Over my professional life I’ve worked with a diversity of clients: government agencies, non-government organisations, community groups, universities, multi-lateral international and UN agencies and country-to-country initiatives.
In keeping with my bottom line, each has been a collaboration with local communities and has focused on supporting long term cooperation between these communities and those I work with.
My starting point is with the human dimension to sustainable futures – hardly surprising coming from someone whose background is in applying anthropology, sociology and political science to the analysis of complex environmental challenges and options for their solution.
The ‘human dimension’ reaches beyond marketing, communication, psychology and green messaging and is at the heart of the ways organisations and communities function, the ways they respond to challenges and the ways they identify and then reach their objectives, goals and aspirations. It’s people who make all this happen.
In short, this kind of understanding is important for a wide range of things – engaging with people and recognising their contribution to shared outcomes as well as monitoring, planning and evaluating a wide range of processes underpinned by, or influenced by, this. We have here the essence of the ‘human dimension’ and the essence of creating solutions for and guiding frameworks towards sustainable futures.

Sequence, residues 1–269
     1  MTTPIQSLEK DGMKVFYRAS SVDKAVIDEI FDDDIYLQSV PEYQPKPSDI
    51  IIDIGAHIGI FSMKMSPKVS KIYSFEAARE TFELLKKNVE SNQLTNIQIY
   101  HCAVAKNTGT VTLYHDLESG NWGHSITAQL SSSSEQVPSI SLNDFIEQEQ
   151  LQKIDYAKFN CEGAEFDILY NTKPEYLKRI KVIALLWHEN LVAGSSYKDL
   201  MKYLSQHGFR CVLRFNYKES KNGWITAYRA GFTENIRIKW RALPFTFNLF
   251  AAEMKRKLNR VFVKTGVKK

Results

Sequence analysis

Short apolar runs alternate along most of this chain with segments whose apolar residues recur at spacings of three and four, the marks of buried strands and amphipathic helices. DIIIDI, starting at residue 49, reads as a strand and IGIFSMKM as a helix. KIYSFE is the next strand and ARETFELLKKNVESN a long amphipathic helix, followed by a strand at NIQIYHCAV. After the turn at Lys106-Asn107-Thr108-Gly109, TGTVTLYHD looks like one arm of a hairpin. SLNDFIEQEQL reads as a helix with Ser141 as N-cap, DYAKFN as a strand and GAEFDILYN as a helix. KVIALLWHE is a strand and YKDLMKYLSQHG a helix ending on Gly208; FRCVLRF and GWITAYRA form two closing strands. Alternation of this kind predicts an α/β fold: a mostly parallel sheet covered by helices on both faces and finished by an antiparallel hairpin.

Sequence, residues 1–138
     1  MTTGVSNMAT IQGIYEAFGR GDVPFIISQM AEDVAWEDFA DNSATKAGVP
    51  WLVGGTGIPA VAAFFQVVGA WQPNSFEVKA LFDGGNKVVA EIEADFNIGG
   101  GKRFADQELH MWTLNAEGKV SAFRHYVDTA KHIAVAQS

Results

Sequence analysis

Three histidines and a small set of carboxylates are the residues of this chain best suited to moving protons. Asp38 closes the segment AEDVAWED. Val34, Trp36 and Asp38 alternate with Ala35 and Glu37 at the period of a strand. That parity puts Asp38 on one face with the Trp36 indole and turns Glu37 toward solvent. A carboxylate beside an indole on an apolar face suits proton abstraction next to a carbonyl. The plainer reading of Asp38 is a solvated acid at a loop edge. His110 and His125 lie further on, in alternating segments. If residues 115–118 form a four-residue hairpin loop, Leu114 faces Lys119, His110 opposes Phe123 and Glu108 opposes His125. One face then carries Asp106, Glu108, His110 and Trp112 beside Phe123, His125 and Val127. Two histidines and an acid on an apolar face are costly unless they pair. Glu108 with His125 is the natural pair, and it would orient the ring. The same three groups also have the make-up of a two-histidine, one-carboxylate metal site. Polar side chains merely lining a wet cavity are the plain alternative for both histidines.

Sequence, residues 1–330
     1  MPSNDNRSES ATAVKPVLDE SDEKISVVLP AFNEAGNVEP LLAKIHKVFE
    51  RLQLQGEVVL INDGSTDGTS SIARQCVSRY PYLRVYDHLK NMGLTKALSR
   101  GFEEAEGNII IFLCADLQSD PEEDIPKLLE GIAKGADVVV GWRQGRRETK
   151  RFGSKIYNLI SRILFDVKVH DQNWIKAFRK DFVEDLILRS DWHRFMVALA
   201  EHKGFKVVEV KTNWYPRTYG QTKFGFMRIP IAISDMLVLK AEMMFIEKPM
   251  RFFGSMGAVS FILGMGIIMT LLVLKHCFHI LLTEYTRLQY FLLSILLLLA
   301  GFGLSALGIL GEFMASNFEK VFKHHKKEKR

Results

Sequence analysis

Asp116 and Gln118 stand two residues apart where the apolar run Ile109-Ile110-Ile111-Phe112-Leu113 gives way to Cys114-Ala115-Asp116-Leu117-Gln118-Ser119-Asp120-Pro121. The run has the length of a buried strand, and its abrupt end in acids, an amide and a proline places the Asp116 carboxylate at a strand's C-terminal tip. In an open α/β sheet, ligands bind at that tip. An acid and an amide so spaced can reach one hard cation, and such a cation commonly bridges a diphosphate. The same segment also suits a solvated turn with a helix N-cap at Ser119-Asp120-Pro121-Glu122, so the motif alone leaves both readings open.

My approach, philosophy and social research ethics are important to me and are focused on collaborative and participatory values and methods which are focused on your priorities. This is important to me because it frames my approach and my professional practice – it’s who I am as a professional. Therefore, because we work collaboratively, it’s important you know about it.
So here is my ethical and philosophical statement which is the foundation of my work.
1. Applied social analysis is not straightforward – it is understanding, and working with, complexity.
2. My specific inputs reflect my professional philosophy, knowledge and practice, and is at the cutting edge of national and international experience. Predominantly I use a wide range of qualitative techniques and methods, including those oriented to action-based outcomes.
3. For me, what’s important is a professional practice that brings a wide range of national and international experiences, has a well-defined and well-regarded ethical foundation, and uses a highly developed conceptual foundation for analysis, action and support for and with the organisations, agencies and communities with which I work. We develop these approaches together and so develop a creative combination of our own experiences.
So please get in touch if you’d like to know more – we can see where our paths cross.